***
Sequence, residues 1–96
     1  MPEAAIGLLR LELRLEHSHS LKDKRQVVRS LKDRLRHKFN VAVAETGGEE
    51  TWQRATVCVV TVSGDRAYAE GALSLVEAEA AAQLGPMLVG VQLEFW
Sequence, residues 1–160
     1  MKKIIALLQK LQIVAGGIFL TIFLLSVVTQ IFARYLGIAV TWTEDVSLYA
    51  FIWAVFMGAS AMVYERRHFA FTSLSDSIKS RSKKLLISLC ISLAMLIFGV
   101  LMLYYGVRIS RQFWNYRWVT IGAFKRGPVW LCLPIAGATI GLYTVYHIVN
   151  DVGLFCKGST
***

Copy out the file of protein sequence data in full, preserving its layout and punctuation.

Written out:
Sequence, residues 1–96
     1  MPEAAIGLLR LELRLEHSHS LKDKRQVVRS LKDRLRHKFN VAVAETGGEE
    51  TWQRATVCVV TVSGDRAYAE GALSLVEAEA AAQLGPMLVG VQLEFW
Sequence, residues 1–160
     1  MKKIIALLQK LQIVAGGIFL TIFLLSVVTQ IFARYLGIAV TWTEDVSLYA
    51  FIWAVFMGAS AMVYERRHFA FTSLSDSIKS RSKKLLISLC ISLAMLIFGV
   101  LMLYYGVRIS RQFWNYRWVT IGAFKRGPVW LCLPIAGATI GLYTVYHIVN
   151  DVGLFCKGST